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LNAT Success Series: How to Answer the LNAT Questions

lnat questions

Published: 02/11/17     Author: Alicia Gibson

Section A of the LNAT presents you with 12 argumentative passages with 3 multiple choice questions (MCQs) based on the content of the passage. These LNAT questions are not uniform and the answers are rarely obvious. The questions can take on different styles and forms and test different general skills. You must ensure you have your brain switched on for this section as the purpose of the Multiple-Choice section of the admissions test to assess whether you have the requisite skills of analysis, judgement and critical thinking to study Law.  

Throughout this article, I will highlight my general advice on how to approach the MCQs in the LNAT. As well as this, I will specifically introduce the main question styles most often used with examples of possible questions and a good strategy for answering them correctly.


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Advice for All LNAT Questions

Whilst there is no set question style in the LNAT, there are general steps you should be taking to ensure you answer whichever question you are faced with correctly:

Step 1: Read the question and highlight anything important. For example, the question may be,

“All of the following are suggested as reasons for the main argument except?”

The part which requires highlighting in this question is the final word – except. Many students will find themselves picking the answer which they think is the main reason for the main argument of the passage because in their haste to answer they haven’t read the question properly. Don’t lose marks by getting caught out this way.

Step 2: Identify relevant parts of the text. A question won’t always be about the complete passage therefore if the question in front of you pin points a certain section go back to the passage and reread it to correctly decipher which parts of the passage are going to help you find the correct answer to the question.

Step 3: The answer is always in the passage. There is no exceptions to this. Whilst your personal knowledge of a topic may help your understanding of a complex passage it will never provide you with the answer. The passages are designed to have the answers within them to ensure that if the candidate has the skills to find the answer in the passage they won’t be disadvantaged if they don’t know anything about the topic it presents.


Did you miss the first of the LNAT Success Series? Fear not – you can read about LNAT Essay planning through the link below:

LNAT Success Series: How to Ace Your LNAT Essay Plan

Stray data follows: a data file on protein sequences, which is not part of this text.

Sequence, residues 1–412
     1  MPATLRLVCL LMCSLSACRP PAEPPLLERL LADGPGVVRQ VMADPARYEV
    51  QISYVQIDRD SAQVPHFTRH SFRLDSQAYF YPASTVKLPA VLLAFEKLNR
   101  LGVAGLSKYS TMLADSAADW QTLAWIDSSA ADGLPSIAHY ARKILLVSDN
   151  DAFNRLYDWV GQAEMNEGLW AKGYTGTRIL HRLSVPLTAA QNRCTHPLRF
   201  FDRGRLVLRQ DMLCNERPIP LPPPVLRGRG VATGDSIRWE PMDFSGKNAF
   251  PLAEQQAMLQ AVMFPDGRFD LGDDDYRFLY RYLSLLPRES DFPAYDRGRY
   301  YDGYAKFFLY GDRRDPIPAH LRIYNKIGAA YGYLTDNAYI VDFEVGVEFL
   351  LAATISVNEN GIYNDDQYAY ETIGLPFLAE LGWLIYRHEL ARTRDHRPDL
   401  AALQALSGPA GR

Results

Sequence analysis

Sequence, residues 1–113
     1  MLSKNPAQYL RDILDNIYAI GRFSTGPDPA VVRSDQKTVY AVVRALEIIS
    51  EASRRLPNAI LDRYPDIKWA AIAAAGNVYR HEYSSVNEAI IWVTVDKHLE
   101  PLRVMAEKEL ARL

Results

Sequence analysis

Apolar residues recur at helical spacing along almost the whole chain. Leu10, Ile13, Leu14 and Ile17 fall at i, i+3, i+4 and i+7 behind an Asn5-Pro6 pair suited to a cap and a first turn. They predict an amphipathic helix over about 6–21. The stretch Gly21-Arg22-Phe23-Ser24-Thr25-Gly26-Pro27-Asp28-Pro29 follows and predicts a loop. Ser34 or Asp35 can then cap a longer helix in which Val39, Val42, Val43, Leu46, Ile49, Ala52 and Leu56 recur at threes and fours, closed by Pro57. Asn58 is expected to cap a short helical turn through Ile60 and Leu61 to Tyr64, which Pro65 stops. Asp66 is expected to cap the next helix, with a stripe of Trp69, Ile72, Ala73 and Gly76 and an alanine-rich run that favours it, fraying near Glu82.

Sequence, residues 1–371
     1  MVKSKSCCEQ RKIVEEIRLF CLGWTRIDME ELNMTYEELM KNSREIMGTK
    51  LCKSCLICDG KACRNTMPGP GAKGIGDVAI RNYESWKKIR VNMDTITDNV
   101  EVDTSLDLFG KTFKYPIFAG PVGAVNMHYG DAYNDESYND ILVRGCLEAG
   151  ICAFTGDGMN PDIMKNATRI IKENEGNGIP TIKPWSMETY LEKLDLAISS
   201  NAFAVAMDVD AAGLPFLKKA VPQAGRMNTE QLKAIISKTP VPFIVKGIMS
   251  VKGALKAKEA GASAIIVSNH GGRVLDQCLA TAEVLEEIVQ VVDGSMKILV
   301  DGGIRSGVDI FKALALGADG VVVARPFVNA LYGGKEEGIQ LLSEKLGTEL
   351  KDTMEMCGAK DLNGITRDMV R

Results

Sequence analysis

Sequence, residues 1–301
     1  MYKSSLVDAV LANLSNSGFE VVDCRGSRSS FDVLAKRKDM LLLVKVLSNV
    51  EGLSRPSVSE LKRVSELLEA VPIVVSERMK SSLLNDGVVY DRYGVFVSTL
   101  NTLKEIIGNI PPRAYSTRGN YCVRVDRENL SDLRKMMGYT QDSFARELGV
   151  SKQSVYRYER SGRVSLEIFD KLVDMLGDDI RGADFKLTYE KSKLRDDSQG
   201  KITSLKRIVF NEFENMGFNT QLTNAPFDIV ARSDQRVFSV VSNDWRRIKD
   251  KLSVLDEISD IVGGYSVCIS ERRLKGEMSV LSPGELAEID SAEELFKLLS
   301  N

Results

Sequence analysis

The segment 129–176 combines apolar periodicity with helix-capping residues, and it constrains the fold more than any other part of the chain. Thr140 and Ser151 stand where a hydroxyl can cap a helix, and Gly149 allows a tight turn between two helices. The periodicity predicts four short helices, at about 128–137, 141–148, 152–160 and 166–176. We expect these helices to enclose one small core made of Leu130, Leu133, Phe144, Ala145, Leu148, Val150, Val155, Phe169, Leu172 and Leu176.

Argument and Analysis Style LNAT Questions

Argument and analysis style questions are questions which go straight to the overarching argument of the passage you have been given. For example, you may be asked to ascertain “the main reason” the author gave for their argument. This implies there was more than one reason given and you must accurately decipher which one was the most significant. Another way these questions could be asked is by asking which of five propositions is correct? The important thing to remember when answering these questions is that often all five given answers are correct, that is, all five could be a reason for the authors argument or propositions from the text. In these cases, you must use your skills of judgement, induction and deduction to conclude which proposition or reason is most correct in the context of the passage. Often one of the best strategies for these questions is to use a process of elimination, this will allow you to swiftly eliminate the wrong answers and progress to the right one. Closely reading the passage will help you do this as the right answer will always stem from there.

Literary Style LNAT Questions

Literary style LNAT questions are questions which ask about the words used in the passage, how to interpret their meanings and often the best synonyms for them. Example questions would be “What is the closest definition to the word ‘x’?” or “What is the most appropriate synonym to replace the word ‘x’ in this context?” The best way to answer these questions is to again, use the text. It is more important than anything else when faced with these questions to put your own knowledge to the side as how you think something is defined may not be the meaning expressed in the passage or the synonym you think best to replace the word may not be the most appropriate in the context. Again, it is a good idea to employ a process of elimination here to ensure you pick the answer which is most correct in the context given.

Good luck!

 

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